Maybe it needs an exorcism or some kind of spell breaker, but only days after I was able to get the Frankenbike Honda 350 back on its feet, I got a call from the owner who said, “ The bike got run over by a Toyota Tundra while it was parked at a cafe on Hwy 101.”Frankenbike revealed... on the way home again.
As if the owner hadn’t suffered enough trials and tribulations in the past few months, this happens! The only bright spot is that the perpetrator was kind enough to stay put, offer his insurance and driver’s license, and then paid $325 to have the bike hauled 30 miles down the coast to me on a Friday evening. If we can keep the costs down to around $1000, then the driver won’t put it on his insurance. So, we’ll see about that...
The bike arrived in the dark on a big roll-back tow truck. The tow truck driver had to back off the rear brake adjuster nut so he could roll the bike as the brake pedal was solidly jammed up against the footpeg bracket. I got up on the bed, holding the bike upright while the driver loosened the tie-down straps. He lowered the bed down to the driveway and I backward rolled the bike down to the ground safely.
I rolled it up next to my daily-driver CB77 and threw a cover over it for the night. On Saturday morning, the extent of the damage was revealed… The centerstand foot was twisted completely under the bike and the brake pedal smashed against the footpeg. The front wheel and headlight were all out of alignment. Sometimes you can loosen the forks and reset the wheel alignment, but in this case the fork bridge was broken at one side, so that put an end to any adjustment attempt. The bike is a 1972 CB350 and all of those twins have rubber-mounted handlebar mounts which are positioned into the fork bridge. This bike had none of that and it took about 15 minutes of research online to determine that the fork bridge and steering stem were from a CB400F! That model is in high demand for restorers, so spare parts are in short supply. After some digging, I found an eBay seller who had the bridge and stem for sale for $100, plus $20 shipping.
The next thing was to track down a brake pedal and centerstand for the bike, which were normal CB350 parts. There are a lot of these bikes being parted out, so I picked out the best-looking ones and bought the pair for a little over $100. Then you wait…
I couldn’t really tear down the front end, until the centerstand arrived, so all work ceased after I had removed the centerstand and brake pedal earlier in the morning.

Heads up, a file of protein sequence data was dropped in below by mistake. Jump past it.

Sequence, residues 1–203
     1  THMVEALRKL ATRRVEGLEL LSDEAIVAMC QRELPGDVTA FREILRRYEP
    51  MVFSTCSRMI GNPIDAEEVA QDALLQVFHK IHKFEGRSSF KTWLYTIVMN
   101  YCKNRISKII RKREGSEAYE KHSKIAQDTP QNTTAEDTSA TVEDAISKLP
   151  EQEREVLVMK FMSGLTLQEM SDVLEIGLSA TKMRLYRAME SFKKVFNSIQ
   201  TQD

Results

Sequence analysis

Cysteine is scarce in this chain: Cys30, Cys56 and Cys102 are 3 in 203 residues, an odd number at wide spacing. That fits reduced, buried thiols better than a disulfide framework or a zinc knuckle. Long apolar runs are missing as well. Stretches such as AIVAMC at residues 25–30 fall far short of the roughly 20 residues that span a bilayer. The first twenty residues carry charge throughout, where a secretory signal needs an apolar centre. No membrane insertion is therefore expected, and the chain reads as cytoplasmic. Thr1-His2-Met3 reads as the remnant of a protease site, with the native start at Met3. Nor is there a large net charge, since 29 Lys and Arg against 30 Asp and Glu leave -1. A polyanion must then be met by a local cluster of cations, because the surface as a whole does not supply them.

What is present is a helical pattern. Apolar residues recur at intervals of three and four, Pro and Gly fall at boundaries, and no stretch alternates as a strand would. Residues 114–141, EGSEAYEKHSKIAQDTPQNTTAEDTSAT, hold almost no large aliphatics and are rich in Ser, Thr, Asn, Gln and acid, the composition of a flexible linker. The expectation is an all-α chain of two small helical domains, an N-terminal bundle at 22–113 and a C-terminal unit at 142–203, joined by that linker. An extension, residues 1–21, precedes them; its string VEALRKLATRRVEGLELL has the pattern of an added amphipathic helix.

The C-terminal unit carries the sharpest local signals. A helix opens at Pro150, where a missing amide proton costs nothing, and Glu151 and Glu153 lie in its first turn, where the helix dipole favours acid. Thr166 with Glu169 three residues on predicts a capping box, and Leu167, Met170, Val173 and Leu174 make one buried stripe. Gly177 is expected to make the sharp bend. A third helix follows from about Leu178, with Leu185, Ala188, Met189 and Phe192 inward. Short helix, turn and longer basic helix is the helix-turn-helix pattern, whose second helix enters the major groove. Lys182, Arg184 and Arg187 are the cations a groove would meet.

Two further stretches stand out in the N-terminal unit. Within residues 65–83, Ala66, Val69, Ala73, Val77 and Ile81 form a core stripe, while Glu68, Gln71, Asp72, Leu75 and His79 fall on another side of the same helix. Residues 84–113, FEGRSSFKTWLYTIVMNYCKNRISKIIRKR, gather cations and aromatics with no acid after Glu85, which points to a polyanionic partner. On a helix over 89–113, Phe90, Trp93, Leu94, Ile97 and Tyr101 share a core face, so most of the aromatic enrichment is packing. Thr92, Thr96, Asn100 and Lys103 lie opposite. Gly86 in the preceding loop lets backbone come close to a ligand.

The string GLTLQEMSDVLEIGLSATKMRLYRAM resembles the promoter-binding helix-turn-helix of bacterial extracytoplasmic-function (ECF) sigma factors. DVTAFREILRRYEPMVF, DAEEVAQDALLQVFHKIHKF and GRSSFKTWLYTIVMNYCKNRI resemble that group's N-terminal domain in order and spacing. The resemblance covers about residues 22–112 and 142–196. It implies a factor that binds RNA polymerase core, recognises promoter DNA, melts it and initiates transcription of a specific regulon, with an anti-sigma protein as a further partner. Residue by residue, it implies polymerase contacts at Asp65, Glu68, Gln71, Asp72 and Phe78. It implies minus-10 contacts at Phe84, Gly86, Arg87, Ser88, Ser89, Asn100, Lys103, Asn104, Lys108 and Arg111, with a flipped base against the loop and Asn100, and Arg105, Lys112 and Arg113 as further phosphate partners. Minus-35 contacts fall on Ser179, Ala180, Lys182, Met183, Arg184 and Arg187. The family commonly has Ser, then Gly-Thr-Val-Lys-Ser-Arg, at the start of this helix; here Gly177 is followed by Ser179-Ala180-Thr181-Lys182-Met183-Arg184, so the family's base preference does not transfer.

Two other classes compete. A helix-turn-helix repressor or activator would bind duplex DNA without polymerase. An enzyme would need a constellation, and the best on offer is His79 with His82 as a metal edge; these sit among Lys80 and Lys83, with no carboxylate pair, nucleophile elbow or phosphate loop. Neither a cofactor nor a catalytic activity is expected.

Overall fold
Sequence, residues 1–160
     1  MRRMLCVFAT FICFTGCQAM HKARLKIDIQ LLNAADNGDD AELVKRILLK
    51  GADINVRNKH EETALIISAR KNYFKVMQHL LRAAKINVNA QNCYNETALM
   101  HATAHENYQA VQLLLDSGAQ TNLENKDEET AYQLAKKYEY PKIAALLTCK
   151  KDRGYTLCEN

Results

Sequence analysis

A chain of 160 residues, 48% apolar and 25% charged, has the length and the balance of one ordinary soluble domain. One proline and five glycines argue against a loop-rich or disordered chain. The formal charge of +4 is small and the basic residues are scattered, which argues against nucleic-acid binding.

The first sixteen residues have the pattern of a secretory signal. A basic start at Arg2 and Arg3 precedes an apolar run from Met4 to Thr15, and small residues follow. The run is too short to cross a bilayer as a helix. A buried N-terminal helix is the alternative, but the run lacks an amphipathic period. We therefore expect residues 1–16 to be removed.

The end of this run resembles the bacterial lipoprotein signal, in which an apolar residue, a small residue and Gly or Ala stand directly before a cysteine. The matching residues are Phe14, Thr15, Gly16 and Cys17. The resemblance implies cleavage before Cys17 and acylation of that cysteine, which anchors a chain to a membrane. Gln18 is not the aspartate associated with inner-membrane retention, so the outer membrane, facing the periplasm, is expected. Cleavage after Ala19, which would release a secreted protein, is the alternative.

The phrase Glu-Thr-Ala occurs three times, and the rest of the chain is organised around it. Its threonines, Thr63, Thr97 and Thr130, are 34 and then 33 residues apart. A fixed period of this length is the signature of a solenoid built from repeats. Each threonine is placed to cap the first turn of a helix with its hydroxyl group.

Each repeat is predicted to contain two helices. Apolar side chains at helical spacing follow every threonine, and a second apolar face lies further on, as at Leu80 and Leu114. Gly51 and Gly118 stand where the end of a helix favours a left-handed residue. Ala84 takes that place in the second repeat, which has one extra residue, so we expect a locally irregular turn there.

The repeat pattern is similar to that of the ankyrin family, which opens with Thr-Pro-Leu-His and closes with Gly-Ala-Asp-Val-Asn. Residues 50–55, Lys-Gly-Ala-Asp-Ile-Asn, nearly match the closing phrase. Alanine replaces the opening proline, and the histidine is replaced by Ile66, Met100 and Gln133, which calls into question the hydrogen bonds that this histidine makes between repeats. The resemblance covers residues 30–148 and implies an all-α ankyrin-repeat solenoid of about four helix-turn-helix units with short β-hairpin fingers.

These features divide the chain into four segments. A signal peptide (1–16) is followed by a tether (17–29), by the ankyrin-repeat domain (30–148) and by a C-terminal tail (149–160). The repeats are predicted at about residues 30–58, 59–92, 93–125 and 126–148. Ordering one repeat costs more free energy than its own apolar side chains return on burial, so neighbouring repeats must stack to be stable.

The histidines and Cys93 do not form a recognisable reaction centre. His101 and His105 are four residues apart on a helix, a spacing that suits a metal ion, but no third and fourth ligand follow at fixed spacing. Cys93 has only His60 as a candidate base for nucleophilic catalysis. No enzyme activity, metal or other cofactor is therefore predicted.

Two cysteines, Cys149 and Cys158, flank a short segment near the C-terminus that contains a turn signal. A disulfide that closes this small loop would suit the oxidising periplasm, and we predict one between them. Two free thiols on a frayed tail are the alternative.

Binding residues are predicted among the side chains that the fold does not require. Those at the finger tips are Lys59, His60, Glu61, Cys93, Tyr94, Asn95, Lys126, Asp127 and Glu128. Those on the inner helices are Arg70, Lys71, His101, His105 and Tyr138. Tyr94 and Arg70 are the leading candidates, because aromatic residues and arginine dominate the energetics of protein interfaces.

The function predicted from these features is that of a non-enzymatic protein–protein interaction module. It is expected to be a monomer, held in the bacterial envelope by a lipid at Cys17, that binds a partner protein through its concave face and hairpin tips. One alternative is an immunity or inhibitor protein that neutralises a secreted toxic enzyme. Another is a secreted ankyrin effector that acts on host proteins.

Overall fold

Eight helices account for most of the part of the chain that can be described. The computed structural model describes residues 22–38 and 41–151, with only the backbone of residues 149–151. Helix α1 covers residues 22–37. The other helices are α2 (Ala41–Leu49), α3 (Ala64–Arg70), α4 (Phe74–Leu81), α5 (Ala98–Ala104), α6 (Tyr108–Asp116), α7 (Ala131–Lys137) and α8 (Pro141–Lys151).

When the parts started to roll in, I was able to install the replacement centerstand which has a powerful return spring. That allowed me to put a jack beneath the engine on a frame mount and push the front end up enough to remove the wheel assembly and eventually replace the frayed rubber boots with a new pair that came from an eBay seller. Finally, after using the front axle bolt as a guide to even up both fork assemblies in the triple clamps, I was able to get the front wheel pointed in the right direction again.
As a side task, I ordered a set of OEM Honda carb slide needles to replace the aftermarket kit parts which actually separated in the carburetor while running. I re-routed the cables and pinched the cable holder brackets together just enough to get the cable adjusters to stay put.
The brake pedal installation was the next to last task but took some time as the pedal that was purchased for the bike differed from the one that was removed. I wound up on the bench grinder whittling off some excess metal that was hitting the frame and engine cases. The part number changed from the original 286 to a 317 code part in the later years. Another case of assuming that most of those chassis parts were all the same through the years is when you find out the hard way that they are not!
Eventually, all the damaged parts were replaced, the carbs remounted with upgraded needles, and all the electrical systems working apart from the turn signals. The bike fired up on the second kick and made the usual racket from the poorly baffled mufflers, so I didn’t run it through the neighborhood at the 6pm finish time. The next day I was scheduled for a doctor's appointment about 2/3 the way back to Leucadia where the owner lives, so I loaded up the bike and hauled it back to it came from, prior to the accident.
In the end, it is still a Frankenbike with poorly designed modifications that will slowly fail in time. But for the owner, it is basic transportation that he sorely missed for the 10 days that it was with me being mended as good as possible, given the time constraints and the limited budget allowed.
I probably haven’t heard the end of this bike’s story, but for now it is functional and doing the best it can, all things considered.
Bill Silver aka MrHonda
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